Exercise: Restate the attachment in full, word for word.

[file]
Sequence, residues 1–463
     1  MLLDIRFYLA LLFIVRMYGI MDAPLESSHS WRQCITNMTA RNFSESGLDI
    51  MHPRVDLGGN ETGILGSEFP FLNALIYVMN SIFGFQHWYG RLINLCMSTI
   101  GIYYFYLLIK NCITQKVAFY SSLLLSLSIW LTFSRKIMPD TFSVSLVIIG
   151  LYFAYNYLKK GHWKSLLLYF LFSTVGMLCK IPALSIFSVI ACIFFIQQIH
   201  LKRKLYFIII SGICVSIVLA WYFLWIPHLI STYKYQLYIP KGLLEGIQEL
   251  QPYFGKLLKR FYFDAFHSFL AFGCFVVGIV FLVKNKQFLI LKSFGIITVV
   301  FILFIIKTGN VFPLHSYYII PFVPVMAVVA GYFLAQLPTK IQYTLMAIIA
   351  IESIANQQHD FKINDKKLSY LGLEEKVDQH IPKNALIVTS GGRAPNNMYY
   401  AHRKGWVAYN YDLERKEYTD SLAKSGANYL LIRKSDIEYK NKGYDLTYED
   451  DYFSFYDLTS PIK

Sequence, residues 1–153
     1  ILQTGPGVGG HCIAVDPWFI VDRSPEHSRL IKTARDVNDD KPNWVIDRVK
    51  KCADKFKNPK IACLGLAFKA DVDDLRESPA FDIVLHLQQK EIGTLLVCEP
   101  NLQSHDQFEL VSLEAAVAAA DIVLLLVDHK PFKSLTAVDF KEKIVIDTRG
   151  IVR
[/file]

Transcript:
Sequence, residues 1–463
     1  MLLDIRFYLA LLFIVRMYGI MDAPLESSHS WRQCITNMTA RNFSESGLDI
    51  MHPRVDLGGN ETGILGSEFP FLNALIYVMN SIFGFQHWYG RLINLCMSTI
   101  GIYYFYLLIK NCITQKVAFY SSLLLSLSIW LTFSRKIMPD TFSVSLVIIG
   151  LYFAYNYLKK GHWKSLLLYF LFSTVGMLCK IPALSIFSVI ACIFFIQQIH
   201  LKRKLYFIII SGICVSIVLA WYFLWIPHLI STYKYQLYIP KGLLEGIQEL
   251  QPYFGKLLKR FYFDAFHSFL AFGCFVVGIV FLVKNKQFLI LKSFGIITVV
   301  FILFIIKTGN VFPLHSYYII PFVPVMAVVA GYFLAQLPTK IQYTLMAIIA
   351  IESIANQQHD FKINDKKLSY LGLEEKVDQH IPKNALIVTS GGRAPNNMYY
   401  AHRKGWVAYN YDLERKEYTD SLAKSGANYL LIRKSDIEYK NKGYDLTYED
   451  DYFSFYDLTS PIK

Sequence, residues 1–153
     1  ILQTGPGVGG HCIAVDPWFI VDRSPEHSRL IKTARDVNDD KPNWVIDRVK
    51  KCADKFKNPK IACLGLAFKA DVDDLRESPA FDIVLHLQQK EIGTLLVCEP
   101  NLQSHDQFEL VSLEAAVAAA DIVLLLVDHK PFKSLTAVDF KEKIVIDTRG
   151  IVR